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Bad Batch Episode One: Who Is Calleb Dume?



Bad Batch

Star Wars fans have a new show to look forward to in Star Wars: The Bad Batch, and in the honor of “May The 4th Be With You”, Disney decided to drop the first hour long episode early, with another one on the way, coming this Friday!


the bad batch

The show, titled, “The Bad Batch”, follows a group of defective clone troopers during the final days of the Republic and the beginning days of the Galactic Empire. Emperor Palpatine has just executed “order 66” and the clones have turned against their former Jedi allies. But one group remained exempt from that order. Clone Force 99, the “the bad batch.” Being a defective version of the clones, they were not subject to the programming of the inhibitor chip that most clones have in their heads. This puts them in an interesting spot where they are able to think freely of their own will, and will not be subjected to involuntarily serve a higher master. In short, they obey their own rules. And this became apparent in the beginning of the episode when they encountered a familiar Jedi…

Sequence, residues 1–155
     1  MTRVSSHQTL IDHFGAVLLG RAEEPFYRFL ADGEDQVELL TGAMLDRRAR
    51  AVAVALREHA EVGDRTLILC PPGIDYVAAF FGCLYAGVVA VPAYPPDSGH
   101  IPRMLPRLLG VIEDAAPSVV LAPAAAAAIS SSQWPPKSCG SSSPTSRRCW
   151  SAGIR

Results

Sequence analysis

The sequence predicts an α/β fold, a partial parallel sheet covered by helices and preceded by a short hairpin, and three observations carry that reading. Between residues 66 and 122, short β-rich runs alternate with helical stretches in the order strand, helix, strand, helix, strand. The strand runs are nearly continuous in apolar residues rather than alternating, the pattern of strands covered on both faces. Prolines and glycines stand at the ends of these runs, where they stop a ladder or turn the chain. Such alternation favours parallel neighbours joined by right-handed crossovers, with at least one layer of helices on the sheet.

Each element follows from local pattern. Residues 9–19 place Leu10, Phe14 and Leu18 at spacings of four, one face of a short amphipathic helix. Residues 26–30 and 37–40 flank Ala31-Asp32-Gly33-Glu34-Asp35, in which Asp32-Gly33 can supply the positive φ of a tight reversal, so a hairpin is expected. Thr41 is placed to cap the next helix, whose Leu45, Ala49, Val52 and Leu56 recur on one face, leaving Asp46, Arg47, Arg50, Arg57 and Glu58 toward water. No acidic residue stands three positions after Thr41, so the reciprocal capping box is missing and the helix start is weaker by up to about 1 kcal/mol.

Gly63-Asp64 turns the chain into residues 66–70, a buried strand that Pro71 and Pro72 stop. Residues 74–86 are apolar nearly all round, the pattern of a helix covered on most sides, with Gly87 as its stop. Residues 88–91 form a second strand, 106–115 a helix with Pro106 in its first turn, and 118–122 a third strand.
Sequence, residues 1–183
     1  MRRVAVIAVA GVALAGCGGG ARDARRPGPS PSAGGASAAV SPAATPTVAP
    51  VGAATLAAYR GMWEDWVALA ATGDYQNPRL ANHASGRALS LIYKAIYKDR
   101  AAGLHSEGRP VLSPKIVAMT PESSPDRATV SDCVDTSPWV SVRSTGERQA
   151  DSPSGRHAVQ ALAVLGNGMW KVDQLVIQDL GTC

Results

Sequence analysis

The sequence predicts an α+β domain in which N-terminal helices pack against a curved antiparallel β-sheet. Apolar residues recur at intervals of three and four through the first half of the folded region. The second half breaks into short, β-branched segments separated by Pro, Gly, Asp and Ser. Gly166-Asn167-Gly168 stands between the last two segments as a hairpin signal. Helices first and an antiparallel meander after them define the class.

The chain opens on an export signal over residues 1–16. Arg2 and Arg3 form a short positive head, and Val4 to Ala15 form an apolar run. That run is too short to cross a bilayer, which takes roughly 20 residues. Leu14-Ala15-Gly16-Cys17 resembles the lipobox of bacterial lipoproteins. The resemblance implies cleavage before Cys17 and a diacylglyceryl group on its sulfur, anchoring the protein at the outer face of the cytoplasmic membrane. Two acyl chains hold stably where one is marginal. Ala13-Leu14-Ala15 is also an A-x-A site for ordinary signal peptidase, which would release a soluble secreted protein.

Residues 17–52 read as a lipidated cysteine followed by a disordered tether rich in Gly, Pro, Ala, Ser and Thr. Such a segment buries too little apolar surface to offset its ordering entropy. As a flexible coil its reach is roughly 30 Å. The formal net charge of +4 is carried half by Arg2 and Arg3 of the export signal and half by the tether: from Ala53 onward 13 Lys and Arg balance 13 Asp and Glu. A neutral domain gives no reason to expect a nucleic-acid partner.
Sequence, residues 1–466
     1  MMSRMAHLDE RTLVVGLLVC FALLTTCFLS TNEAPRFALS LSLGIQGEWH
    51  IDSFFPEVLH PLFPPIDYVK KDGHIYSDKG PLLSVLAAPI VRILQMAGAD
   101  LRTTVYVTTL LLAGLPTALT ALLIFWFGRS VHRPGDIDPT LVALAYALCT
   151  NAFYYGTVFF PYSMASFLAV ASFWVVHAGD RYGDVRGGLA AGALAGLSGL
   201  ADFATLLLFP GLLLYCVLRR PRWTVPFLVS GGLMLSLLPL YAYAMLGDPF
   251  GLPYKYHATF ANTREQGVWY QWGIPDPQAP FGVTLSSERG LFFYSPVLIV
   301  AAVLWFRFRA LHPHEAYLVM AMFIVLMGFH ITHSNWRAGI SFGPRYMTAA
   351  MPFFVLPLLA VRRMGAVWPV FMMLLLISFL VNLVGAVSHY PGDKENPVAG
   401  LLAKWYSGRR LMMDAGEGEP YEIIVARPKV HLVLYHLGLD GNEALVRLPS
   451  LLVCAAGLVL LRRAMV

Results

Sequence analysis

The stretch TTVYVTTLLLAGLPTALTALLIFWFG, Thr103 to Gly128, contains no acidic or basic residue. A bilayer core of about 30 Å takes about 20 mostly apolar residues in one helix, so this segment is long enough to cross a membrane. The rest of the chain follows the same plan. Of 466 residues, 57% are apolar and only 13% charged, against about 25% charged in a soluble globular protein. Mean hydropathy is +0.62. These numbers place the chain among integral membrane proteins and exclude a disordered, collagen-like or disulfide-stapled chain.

Caleb Dume! Aka Kanan Jarrus!

Caleb Dume

If that name sounds familiar, it’s because it should. Caleb Dume is original name of Jedi padawan that we’ve come to know as Kanan Jarrus. And his involvement in the Bad Batch not only marks one of the first big crossovers in Star Wars television, it speaks to the further implications that this show will handle. So who exactly is Kanan Jarrus?


Known for his prominent role in Star Wars Rebels, Kanan Jarrus– voiced by Freddie Prinze Jr., was the the mentor/master to Ezra Bridger, and co-leader of the rebel “Ghost” crew alongside Hera Syndulla.

Kanan first appeared in a novel called Star Wars A New Dawn. This book depicts the early life of the ghost crew and shows how Kanan and Hera met. The book was written by John Jackson Miller and serves as a prequel, taking place six years prior to the TV show Star Wars Rebels, that debuted a month after the book was published.

Star Wars A new dawn